Euro zone annual inflation fell for the second month in a row to a four-year low in September, the European Union's statistics office Eurostat confirmed today, mainly as a result of a sharp drop in volatile energy prices.
Eurostat said consumer inflation in the 19 countries sharing the euro was up 0.1% month-on-month in September for a 0.3% year-on-year fall after a 0.2% annual price decline in August.
This was in line with initial estimates released at the start of October.
Food, alcohol and tobacco added 0.34 percentage points to the final results, Eurostat said and services add another 0.24 points, but an 8.2% year-on-year plunge in energy prices subtracted 0.81 percentage point from the final number.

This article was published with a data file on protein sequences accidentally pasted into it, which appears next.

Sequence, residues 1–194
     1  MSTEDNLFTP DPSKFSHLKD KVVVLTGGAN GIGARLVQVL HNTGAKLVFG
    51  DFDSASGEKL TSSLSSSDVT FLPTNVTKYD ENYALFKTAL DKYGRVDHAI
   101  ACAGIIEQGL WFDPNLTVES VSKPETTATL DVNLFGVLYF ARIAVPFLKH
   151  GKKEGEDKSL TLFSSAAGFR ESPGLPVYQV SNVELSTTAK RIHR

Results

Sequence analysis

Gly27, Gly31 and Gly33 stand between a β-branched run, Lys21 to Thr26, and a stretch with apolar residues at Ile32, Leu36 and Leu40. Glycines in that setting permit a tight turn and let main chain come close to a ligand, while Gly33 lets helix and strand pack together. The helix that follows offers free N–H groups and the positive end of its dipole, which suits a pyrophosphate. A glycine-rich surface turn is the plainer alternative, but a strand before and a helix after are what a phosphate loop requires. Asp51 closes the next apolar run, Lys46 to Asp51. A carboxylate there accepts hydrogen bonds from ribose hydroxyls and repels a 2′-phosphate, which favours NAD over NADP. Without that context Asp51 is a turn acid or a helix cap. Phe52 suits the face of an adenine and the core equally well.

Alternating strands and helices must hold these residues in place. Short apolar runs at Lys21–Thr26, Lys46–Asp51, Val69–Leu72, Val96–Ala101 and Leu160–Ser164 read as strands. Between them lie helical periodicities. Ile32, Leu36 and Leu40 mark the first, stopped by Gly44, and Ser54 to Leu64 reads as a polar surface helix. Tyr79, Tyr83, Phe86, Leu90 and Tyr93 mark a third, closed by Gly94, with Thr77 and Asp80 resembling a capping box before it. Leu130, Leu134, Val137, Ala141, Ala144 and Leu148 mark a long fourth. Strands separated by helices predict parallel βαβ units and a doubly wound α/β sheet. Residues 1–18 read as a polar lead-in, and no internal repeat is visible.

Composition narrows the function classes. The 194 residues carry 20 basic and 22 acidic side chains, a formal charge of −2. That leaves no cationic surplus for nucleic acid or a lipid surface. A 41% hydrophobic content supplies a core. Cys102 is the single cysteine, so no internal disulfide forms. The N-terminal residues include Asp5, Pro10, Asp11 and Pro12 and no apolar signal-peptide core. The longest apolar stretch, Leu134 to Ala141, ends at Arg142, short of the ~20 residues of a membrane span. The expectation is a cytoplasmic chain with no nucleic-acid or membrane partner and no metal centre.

Without the volatile energy and unprocessed food prices, or what the European Central Bank calls core inflation, prices rose 0.1% month-on-month and 0.4% year-on-year.
An even narrower measure that also excludes alcohol and tobacco showed 0.2% rises both month-on-month and year-on-year.
The ECB wants to keep inflation below, but close to 2% over the medium term.
Separately, Eurostat said the unadjusted trade surplus of the 19 countries sharing the euro was €14.7 billion, similar to the €14.4 billion a year earlier, and close to the €15.1 billion expected by economist polled by Reuters.
Adjusted for seasonal swings, the trade surplus was €21.9 billion in August, up from 419.3 billion in July as exports rose 2% and imports edged up 0.5% on a monthly basis.